“Over the last ten years, no provider has shown a compelling case for it, with the potential revenues both small and uncertain and in the view of the manager not adequate for the lending risk, as small as that risk may be,” a spokesperson says.
However, the same asset manager does employ securities lending in its US mutual funds, finding the economic case there more compelling.
“A higher proportion of securities are US dollar-denominated, with positive yields versus the low to negative yields on many non-dollar securities,” the spokesperson says.
Recent figures from IHS Markit for total equity lending revenues help make sense of this decision. At $2.1 billion (€1.9 trillion), equity lending revenues in the third quarter of 2019 showed an 11% increase compared with the third quarter of 2018.
However, all the growth was in North America, with the rest of the world seeing a 13% decline in equity revenues. In fact, North American equities delivered 42% of all securities lending revenues in Q3 – the highest ratio since Q4 2015.
Not only that, but much of these revenues came from so-called ‘equity specials’ in the US. Equity specials helped to deliver $924 million in Q3 US equity lending revenue – the most since the $1.1 billion record set in the third quarter of 2008.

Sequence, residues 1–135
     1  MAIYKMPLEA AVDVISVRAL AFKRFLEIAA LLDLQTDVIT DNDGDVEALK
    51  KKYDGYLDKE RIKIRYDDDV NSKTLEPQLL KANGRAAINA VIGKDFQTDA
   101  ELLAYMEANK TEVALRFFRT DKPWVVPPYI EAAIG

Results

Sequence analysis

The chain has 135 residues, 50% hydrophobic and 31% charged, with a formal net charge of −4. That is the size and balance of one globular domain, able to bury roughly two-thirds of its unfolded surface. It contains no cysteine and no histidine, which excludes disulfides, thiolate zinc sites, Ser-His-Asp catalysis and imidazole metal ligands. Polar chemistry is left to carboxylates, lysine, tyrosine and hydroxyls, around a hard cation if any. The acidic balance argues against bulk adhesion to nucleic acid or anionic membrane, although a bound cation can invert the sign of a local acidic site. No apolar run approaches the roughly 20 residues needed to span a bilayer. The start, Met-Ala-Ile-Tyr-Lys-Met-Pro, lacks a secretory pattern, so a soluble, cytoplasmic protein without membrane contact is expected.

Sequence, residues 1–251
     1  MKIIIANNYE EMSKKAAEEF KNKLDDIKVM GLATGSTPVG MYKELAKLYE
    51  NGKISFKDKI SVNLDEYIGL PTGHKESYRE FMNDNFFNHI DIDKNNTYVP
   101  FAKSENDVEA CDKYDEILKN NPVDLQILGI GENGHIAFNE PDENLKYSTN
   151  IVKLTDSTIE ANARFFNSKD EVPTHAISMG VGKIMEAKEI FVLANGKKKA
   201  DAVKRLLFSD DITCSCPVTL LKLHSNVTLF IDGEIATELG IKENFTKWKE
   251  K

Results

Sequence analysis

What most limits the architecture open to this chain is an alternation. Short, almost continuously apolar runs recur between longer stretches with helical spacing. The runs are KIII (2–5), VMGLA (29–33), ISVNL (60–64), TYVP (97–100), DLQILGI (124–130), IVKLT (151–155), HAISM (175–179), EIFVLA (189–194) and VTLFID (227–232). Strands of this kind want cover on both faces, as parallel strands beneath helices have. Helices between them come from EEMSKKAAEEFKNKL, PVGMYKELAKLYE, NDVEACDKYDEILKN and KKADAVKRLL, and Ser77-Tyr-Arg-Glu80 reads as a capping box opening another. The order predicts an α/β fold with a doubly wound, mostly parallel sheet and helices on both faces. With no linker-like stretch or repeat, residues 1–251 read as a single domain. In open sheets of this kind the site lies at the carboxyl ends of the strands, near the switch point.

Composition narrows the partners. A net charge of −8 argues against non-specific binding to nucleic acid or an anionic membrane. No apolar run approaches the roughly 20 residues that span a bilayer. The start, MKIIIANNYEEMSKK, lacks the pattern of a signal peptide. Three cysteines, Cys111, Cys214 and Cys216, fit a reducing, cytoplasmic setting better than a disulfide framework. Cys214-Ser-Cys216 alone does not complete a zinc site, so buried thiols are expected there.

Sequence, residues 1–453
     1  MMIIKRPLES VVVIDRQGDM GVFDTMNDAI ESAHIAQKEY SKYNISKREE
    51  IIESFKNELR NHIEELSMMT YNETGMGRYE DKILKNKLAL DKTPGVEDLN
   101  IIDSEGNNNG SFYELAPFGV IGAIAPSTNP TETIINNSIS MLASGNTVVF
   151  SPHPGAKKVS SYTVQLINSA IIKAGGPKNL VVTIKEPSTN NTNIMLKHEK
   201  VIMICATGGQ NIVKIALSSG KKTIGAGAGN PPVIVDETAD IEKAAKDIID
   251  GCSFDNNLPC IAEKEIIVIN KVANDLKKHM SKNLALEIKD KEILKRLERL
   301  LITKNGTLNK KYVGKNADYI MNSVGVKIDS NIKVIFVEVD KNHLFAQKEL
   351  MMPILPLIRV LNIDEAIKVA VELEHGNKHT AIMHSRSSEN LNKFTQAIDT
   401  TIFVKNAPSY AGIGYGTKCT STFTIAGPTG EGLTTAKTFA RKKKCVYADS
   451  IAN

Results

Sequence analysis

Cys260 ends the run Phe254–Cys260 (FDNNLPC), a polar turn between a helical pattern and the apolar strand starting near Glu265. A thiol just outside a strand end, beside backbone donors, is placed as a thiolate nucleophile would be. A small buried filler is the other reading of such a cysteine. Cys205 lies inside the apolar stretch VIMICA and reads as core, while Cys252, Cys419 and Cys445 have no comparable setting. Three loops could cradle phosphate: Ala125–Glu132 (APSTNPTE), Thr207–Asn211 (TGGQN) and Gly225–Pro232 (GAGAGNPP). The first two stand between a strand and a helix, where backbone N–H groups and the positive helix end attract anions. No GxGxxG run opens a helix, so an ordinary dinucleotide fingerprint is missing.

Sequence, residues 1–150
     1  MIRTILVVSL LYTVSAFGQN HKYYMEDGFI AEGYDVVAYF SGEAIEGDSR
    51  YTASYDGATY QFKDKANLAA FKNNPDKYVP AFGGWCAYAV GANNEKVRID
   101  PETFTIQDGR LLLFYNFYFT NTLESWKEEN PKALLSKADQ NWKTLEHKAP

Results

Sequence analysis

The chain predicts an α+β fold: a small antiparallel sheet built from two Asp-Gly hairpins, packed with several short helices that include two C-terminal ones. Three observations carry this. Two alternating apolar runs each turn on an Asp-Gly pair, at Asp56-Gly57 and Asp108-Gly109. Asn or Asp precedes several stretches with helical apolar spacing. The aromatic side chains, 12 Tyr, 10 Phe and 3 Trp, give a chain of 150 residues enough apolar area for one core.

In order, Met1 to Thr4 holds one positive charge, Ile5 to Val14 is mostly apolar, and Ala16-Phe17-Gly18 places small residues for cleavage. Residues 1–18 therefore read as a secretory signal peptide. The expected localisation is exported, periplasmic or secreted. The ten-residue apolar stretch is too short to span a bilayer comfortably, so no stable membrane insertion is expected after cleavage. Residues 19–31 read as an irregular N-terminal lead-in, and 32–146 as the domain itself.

“The big story of Q3 was a continued increase in North American equity specials balances and fees,” says Sam Pierson, director of securities finance at IHS Markit. “The upswing largely came as the result of IPOs and cannabis-related equities.”
In Europe too, equity specials were decisive. As a result of surging revenues from Casino Guichard-Perrachon, the mass-market retail group, French equities delivered $86 million, their highest third-quarter revenues since 2012.
Global revenues for total securities lending were down 15% at €4.5 billion in the first half of 2019 but trended upwards again in the third quarter.
On the fixed-income side, meanwhile, there are pressures too. Regulations such as the Basel III provisions regarding liquidity coverage and net stable funding ratios and Emir’s clearing obligations created demand for high-quality liquid assets (HQLAs) at a time when central banks’ HQLA portfolios had increased due to quantitative easing.
However, supply could be challenged in the future as quantitative easing unwinds, while revenues from bond lending plummeted in 2019, though supply remained robust.
“The general theme in fixed income was declining revenue largely as the result of declining fees,” says Pierson. “However, balances for government bonds and corporates both declined year-on-year in Q3.”
According to IHS Markit, government bond lending revenues peaked in the first quarter of 2018 at $470 million and then trended downwards throughout the first half of 2019. Meanwhile, corporate bond revenues fell 18% year-on-year to $151 million at the end of Q3.
Parties trading bonds also face regulatory challenges, particularly in the non-investment grade sector. A survey by the International Capital Market Association (ICMA) found that buy-in rules introduced by the Central Securities Depository Regulation, which make it mandatory for trading parties to execute buy-ins against counterparties who fail to settle their trades within a required period, could be detrimental to the market.